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Publication numberUS2000224 A
Publication typeGrant
Publication dateMay 7, 1935
Filing dateNov 1, 1929
Priority dateNov 26, 1928
Publication numberUS 2000224 A, US 2000224A, US-A-2000224, US2000224 A, US2000224A
InventorsOtto Eisenhut
Original AssigneeIg Farbenindustrie Ag
Export CitationBiBTeX, EndNote, RefMan
External Links: USPTO, USPTO Assignment, Espacenet
Production of gaseous mixtures containing hydrogen
US 2000224 A
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Description  (OCR text may contain errors)

May 7, 1935. 2,000,224

PRODUCTION OF GASEOUS MIXTURES CONTAINING HYDROGEN O. EISENHUT Filed Nov. 1, 1929 anvenfoz 1 0 H00 E8271]: 212' 351 7 9"? Gummy fit Patented May 7, 1935 UNITED s'rATs s PATENT OFFICE PRODUCTION OF GASEOUS MIXTURES CONTAINING HYDROGEN Otto Eisenhnt, Heidelberg, Germany, aaslgnor to I. engesellsc Farbenindnstrie Aktl halt,

Franki'ort-on-thblllain, Germany, a corporation oi Germany Application November 1, 1929, Serial No. 404,081-

In Germany November 25, 1928 4 Claims. (01. 204-31) mineral oils and the like into gases substantially, consisting of hydrogen or mixtures of nitrogen and hydrogen which are suitable for the synthesis of ammonia has already been described, according to which these materials are exposedv to a treatment with an electric are together with a gas containing ongen, namely air, oxygen or carbon dioxide, and with or without the addition of steam the gas mixture obtained being freed irom carbon dioxide'and any other impurities P esent after the conversion of the carbon monoxide formed with water vapour, nitrogen or hydrogen being "added if necessary. The carbon contained in the initial materialis converted to a great extent into carbon monoxide by the treatment in the electric arc, but a complete conversion is attended by dimculties, so that for example when employing initial materials containing methane the gas mixture obtained still contains methane to an undesirable extent. Also in many cases the gas mixture has an undesirable content of carbon dioxide. I have now found that a gas mixture which is practically freefrom these undesirable constituents is obtained from solid, liquid or gaseous carbonaceous materials containing hydrogen or mixtures containing the same as. for example methane, coal distillation gases, tars, mineral oils and the like by treatment with an electric are together with a gas containing oxygen, namely air, oxygen or carbon dioxide, and with or without the addition of steam, when care is taken that substantially all parts of the gas mixture which is exposed to the treatment in the electric are have attained or been exposed to atemperature of at least 1400 centigrade. In consequence the gases will usually have this temperature at the end of or after leaving the electric arc. For this purpose devices may be provided in the electric arc chamber, which produce an intimate and thorough mixing oi the gas mixture, such as one or more narrow exit openings arranged immediately behind the electric are, or deflecting plates arranged at the end of the electric arc and the like; In this manner the otherwise readily occurring formation zones of lower temperature than is necessary for the conversionis prevented, on the contrary in consequence of the fact that eddies are formed by means of the said devices,-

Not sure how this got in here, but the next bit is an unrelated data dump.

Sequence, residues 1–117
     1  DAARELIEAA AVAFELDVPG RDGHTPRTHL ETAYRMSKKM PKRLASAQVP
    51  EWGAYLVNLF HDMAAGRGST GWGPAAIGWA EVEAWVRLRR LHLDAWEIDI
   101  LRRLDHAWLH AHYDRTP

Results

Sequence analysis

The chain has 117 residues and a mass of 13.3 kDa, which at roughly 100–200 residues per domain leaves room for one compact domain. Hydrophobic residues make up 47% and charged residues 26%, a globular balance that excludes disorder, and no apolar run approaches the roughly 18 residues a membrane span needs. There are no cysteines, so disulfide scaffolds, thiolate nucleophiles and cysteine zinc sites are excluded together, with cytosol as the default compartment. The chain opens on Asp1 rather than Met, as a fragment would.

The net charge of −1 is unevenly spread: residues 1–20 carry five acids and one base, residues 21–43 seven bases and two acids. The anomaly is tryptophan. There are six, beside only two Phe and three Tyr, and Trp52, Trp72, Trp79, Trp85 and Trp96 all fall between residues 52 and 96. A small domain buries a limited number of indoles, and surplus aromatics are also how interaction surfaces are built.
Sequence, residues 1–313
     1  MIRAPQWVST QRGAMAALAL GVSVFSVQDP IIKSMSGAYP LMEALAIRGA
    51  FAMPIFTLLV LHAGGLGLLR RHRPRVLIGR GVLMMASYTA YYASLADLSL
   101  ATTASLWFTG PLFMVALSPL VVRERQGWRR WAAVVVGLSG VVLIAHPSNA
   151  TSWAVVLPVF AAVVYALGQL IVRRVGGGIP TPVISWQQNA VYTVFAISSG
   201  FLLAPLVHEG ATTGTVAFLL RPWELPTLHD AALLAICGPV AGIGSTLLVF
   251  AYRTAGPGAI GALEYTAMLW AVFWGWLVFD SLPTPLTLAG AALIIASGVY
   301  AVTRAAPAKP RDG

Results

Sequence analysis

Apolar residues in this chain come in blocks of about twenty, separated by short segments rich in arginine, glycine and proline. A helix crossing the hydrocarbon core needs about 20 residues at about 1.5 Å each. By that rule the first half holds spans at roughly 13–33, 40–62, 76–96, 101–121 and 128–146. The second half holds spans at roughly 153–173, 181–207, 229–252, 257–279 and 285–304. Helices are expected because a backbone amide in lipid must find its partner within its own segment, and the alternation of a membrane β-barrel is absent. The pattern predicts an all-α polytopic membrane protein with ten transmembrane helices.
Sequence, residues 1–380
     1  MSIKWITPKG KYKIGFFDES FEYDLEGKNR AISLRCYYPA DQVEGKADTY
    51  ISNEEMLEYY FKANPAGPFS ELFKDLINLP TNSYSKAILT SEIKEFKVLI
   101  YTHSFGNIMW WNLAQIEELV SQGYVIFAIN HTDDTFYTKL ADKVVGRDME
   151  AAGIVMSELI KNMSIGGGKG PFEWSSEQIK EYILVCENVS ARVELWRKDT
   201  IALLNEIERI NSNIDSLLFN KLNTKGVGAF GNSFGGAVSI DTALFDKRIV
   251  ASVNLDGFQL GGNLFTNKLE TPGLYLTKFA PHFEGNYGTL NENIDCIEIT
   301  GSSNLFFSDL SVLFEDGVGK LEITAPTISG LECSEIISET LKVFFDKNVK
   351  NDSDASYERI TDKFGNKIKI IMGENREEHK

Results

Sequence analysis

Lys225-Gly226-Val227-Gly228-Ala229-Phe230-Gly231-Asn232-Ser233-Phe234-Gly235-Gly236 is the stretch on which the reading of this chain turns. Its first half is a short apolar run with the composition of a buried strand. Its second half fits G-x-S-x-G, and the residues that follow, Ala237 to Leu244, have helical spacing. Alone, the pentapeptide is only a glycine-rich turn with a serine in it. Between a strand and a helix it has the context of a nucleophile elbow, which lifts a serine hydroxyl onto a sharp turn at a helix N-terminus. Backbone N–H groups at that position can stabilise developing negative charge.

the whole'oi -the gas mixture to be treated passes through the electric arc zone itself or at least flows past in close proximity thereto and practically all parts of the mixture have been exposed to'a temperatureof at least 1400" centigradeby the time that they leave the electric arc chamber. In this manner for example from methane or gas mixtures containing methane, gases may be 5 readily obtained, the methane content of which can be scarcely detected by means of simple analytical methods and which may be employed for the synthesis of ammonia without further treatment. 7

It is very advantageous to convert. the carbon monoxide formed in the electric are by means of steam into carbon dioxide and hydrogen and then toremove the carbon dioxide.

-I have also found that it is frequently advantageous in the process described above to replace a part of the air which is added before the treatment in the electric arc, by carbon dioxide. This latter .is converted into carbon monoxide by the treatment in the electric. arc and the oxygen thus given oif serves in the same manner as the oxygen in the aforesaid oxygen-containing gas for the conversion of the carbon contained in the hydrocarbons employed into carbon monoxide with the formation of hydrogen. This manner of work-- ing constitutes a means whereby in a simple manner, without the subsequent addition of hydrogen,

a gas mixture may be obtained in which the proportions of nitrogen and hydrogen correspond more accurately to the ratio of 1 to 3 than would otherwise be the case, because the nitrogen content of the final gas mixture, which is usually somewhat higher than corresponds to the'ratio 1 to 3, is reducedin favour of the hydrogen content by the addition of air diluted with carbon dioxide before the treatment in the electric arc.